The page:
Stacey, Annie and Jennifer started to study at probably the toughest time in every woman’s life – with small children. Yet these women are a prime example of how real commitment, mentorship and a great network of friends lead to a major accomplishment.
Stacey is a solo mum and became pregnant with her second child just after she had been accepted at EIT. Annie has four children and at the time three were under five. Jennifer meanwhile, had just moved to Hawke’s Bay with five little ones.
Despite caring for their children, all three women had come to a point where they felt unfulfilled and ready to upskill to get ahead in the job market. Stacey and Annie got to know each other in the Certificate in Business Administration and Technology class. Together they stair-cased all the way up to the Bachelor in Business (Accounting) which they are studying now.
During Stacey’s first year at EIT, coming to class was a pure juggling act. The 28-year-old had to drop off her older son at day care while she was allowed to bring her new born to class in case her parents couldn’t help out. “Organising myself became daily routine. My children were in bed by seven and that’s when I sat down to study. On my days off, my parents took the kids and I worked for a friend’s cleaning service,” remembers Stacey.
Annie had been a stay-at-home mum for years and never had a proper job. With her partner just having finished his degree, the couple reversed roles. “I wanted to get rid of my foggy brain and I was worried that with neither work experience nor qualifications I would not be employable,” says 28-year-old Annie. With the completion of paper after paper – Annie is a straight-A student – her confidence grew and she kept on going.
Jennifer moved from Auckland to Hawke’s Bay in 2017. She had left school at 15 and despite years in employment, she felt like she wasn’t going anywhere on a personal level.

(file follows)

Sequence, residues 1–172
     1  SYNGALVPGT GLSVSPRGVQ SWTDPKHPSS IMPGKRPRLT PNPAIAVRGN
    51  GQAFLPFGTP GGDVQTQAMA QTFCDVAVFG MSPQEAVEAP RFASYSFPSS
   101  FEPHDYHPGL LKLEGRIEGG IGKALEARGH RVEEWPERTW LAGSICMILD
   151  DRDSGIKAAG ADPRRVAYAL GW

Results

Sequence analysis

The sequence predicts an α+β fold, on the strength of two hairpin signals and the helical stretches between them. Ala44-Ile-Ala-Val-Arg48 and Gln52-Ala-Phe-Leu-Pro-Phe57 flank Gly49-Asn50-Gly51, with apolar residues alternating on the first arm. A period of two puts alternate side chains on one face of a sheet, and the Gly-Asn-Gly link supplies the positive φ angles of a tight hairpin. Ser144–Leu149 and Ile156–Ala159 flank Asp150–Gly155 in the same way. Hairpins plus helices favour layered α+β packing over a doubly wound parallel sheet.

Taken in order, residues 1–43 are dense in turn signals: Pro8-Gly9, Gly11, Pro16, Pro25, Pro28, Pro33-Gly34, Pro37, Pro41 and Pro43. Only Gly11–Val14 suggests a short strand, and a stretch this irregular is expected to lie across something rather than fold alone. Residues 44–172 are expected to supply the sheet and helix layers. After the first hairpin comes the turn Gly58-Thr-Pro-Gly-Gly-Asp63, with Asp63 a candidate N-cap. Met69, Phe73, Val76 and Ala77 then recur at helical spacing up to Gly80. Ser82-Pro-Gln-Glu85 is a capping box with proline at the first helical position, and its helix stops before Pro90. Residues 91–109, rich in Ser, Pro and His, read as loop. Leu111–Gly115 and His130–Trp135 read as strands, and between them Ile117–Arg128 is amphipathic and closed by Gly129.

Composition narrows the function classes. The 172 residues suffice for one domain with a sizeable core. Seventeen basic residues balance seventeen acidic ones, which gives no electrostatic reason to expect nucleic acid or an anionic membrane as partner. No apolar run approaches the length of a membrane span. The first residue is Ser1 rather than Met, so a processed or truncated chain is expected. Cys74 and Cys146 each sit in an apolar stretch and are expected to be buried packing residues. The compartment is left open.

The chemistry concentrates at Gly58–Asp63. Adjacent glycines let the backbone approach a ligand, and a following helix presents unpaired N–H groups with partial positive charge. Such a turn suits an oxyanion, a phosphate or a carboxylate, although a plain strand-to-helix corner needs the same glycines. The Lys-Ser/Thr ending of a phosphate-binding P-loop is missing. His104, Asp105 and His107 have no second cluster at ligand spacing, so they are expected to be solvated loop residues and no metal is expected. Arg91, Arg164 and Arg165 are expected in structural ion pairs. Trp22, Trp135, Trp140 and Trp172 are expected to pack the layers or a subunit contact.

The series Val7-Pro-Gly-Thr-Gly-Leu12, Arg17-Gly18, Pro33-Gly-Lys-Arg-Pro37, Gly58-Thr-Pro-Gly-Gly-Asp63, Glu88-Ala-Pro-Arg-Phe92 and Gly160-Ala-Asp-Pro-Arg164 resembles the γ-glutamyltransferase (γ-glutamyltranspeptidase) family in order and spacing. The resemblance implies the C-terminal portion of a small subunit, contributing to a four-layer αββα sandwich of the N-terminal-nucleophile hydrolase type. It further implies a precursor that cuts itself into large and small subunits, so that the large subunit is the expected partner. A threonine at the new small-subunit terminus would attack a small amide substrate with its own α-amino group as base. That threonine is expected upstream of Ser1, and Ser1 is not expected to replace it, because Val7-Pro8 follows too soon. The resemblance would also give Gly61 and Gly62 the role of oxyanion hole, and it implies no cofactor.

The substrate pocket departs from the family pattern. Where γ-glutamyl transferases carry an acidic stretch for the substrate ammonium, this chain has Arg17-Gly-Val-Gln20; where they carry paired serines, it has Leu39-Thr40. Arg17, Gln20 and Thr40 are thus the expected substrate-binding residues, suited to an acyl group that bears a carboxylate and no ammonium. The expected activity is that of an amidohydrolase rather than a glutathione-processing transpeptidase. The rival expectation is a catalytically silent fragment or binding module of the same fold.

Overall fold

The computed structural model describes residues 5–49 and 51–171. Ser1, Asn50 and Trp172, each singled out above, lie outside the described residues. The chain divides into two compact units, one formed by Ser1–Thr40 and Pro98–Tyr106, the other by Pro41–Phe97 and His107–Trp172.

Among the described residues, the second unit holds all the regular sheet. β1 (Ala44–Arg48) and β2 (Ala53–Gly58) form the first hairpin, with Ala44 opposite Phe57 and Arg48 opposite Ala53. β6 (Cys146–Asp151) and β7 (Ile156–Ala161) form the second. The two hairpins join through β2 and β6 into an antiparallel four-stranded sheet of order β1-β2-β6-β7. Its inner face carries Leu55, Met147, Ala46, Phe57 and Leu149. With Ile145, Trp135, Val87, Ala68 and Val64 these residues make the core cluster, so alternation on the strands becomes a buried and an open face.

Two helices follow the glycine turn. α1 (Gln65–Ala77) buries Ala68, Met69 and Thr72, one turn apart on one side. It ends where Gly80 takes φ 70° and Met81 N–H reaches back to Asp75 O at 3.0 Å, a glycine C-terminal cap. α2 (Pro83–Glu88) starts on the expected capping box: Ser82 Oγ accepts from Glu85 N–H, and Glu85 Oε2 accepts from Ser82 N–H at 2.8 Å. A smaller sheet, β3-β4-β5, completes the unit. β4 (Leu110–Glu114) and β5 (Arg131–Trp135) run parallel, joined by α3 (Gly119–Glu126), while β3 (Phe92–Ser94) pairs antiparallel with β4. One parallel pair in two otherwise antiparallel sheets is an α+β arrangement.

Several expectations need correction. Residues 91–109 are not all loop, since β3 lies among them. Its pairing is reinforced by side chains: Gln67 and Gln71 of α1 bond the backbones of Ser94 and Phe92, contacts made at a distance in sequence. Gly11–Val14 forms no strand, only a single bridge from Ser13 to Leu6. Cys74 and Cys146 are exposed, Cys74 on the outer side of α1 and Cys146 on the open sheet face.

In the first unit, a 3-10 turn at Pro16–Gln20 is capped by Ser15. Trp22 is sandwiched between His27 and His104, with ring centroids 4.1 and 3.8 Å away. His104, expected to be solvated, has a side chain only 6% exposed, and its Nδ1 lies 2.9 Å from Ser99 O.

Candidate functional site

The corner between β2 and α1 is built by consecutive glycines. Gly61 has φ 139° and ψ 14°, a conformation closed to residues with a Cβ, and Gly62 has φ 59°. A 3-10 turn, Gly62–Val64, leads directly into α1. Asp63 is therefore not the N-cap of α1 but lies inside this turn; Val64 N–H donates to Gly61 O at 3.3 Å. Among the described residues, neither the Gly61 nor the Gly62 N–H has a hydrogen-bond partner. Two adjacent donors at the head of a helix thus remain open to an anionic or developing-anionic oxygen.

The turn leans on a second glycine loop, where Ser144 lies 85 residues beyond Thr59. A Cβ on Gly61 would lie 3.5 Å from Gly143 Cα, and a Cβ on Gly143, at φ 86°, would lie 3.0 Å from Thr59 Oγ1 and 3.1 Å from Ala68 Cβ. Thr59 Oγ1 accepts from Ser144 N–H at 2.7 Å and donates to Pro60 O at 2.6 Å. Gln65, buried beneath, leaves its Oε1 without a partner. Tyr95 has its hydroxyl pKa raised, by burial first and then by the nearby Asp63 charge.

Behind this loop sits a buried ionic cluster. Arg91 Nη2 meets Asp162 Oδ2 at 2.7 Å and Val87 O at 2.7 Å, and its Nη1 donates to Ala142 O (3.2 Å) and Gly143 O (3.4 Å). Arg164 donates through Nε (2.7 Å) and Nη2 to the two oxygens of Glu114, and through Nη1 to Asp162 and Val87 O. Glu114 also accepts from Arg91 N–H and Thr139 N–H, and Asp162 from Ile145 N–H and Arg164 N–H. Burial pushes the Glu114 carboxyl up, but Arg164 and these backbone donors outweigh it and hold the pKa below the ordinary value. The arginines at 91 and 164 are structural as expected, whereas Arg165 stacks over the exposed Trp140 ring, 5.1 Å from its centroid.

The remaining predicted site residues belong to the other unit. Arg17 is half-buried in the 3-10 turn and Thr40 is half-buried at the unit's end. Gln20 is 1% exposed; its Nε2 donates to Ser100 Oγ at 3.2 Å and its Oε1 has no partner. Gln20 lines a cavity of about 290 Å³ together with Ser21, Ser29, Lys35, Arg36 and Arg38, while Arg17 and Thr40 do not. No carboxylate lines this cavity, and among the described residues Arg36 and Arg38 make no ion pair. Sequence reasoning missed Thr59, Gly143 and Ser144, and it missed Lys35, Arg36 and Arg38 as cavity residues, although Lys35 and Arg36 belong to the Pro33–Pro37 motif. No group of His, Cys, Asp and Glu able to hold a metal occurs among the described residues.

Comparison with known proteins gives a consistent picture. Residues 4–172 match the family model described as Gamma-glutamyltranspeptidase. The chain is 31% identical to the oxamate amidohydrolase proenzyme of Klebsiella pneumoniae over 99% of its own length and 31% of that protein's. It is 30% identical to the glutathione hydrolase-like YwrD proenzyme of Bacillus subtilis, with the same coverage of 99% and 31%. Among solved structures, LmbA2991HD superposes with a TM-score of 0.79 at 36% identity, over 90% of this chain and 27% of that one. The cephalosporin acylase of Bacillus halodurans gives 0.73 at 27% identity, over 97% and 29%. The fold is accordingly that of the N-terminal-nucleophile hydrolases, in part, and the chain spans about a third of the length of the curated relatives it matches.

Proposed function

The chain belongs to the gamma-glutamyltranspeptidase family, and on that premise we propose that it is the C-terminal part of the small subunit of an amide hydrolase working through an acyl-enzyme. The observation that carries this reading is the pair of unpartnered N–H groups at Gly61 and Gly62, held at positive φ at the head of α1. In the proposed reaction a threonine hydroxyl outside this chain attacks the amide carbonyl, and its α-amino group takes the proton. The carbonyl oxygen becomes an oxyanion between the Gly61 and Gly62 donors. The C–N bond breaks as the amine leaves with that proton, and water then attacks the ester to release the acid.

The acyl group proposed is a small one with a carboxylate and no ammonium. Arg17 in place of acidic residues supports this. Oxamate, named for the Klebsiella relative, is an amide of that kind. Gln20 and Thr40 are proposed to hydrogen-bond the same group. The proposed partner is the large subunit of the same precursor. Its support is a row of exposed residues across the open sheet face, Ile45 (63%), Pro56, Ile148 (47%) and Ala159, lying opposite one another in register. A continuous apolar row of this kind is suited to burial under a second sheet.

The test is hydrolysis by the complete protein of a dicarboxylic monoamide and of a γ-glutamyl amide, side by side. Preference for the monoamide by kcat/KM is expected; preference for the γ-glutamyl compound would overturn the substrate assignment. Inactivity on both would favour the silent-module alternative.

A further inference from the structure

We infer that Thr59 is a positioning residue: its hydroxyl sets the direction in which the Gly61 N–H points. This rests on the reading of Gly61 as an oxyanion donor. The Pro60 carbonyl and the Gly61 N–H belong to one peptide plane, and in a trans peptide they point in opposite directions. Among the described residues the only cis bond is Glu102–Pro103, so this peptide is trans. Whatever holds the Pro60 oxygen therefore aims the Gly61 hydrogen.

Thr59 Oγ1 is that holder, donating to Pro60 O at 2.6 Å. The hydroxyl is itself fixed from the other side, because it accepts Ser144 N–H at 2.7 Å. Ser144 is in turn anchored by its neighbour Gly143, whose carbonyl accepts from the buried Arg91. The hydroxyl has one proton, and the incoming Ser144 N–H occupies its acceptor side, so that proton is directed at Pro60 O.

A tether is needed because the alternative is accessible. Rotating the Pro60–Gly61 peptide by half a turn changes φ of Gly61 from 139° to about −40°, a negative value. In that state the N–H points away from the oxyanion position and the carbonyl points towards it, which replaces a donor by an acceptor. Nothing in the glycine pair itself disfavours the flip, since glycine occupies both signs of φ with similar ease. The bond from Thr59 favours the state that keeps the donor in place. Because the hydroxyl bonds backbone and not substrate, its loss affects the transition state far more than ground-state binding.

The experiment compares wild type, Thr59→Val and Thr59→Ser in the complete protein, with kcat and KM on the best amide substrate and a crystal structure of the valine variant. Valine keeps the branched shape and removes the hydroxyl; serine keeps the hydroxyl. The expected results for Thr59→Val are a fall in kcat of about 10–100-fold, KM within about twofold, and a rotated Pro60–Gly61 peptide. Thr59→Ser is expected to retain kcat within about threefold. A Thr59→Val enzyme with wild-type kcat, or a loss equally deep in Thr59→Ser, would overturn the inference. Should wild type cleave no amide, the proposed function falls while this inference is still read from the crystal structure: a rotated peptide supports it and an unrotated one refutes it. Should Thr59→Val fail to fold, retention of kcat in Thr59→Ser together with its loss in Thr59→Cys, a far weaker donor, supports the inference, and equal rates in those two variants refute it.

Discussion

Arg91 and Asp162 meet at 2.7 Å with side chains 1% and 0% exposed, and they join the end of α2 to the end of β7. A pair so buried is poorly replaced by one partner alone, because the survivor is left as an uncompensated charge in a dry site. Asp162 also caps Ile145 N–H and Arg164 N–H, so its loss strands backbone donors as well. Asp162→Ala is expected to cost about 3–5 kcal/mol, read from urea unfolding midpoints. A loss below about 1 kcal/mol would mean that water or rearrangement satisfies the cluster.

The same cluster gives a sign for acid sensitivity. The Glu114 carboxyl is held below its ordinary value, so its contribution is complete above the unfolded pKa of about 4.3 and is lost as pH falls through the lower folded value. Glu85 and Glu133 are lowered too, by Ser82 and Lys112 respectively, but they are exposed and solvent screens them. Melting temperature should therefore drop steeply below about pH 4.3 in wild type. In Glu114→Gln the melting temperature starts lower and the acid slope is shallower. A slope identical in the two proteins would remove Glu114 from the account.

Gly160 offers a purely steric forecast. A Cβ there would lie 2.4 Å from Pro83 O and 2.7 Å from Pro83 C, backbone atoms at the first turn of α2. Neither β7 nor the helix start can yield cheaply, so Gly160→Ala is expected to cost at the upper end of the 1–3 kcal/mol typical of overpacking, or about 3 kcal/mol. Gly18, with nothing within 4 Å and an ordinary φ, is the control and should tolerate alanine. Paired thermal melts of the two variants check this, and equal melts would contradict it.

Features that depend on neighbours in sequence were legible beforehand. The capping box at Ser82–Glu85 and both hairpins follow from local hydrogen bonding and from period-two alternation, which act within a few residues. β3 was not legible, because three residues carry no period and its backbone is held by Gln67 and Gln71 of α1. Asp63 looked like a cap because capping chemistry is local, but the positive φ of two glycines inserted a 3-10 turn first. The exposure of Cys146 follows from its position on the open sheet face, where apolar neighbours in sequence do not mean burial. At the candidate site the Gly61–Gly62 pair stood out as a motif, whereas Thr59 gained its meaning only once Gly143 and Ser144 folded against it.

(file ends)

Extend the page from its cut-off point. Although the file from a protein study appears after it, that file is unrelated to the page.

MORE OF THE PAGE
“In Auckland, the closest university was one and a half hours away from my house, coming to EIT takes me ten minutes,” she says. “At the start, the very idea of studying three years towards a Bachelor degree was daunting though. A diploma felt more achievable.” But the 39-year old carried on, thanks to an iron will and Stacey and Annie, whom she met on the course.
“Certainly we had ups and serious meltdowns,” they admit. Juggling family duties and studying is tough, but embracing all obstacles is a mind-set, they say.
Business lecturer Rebecca Clarke is their teacher and mentor. “I have to constantly remind myself that ours is a working relationship,” smiles Rebecca. “I don’t like to look at it like that. They are the reason why I do what I do. I really see myself in these women.”
Rebecca notes that being a lecturer means seeing the whole person and not just the student. “I don’t expect students to leave their personal life and their issues at the gate. If there are problems popping up, we work around it because I absolutely want them to succeed.”
Having silenced many naysayers, Stacey, Annie and Jennifer are not far away from completing their degree now. “We are responsible for our own learning and in control of our future,” they say.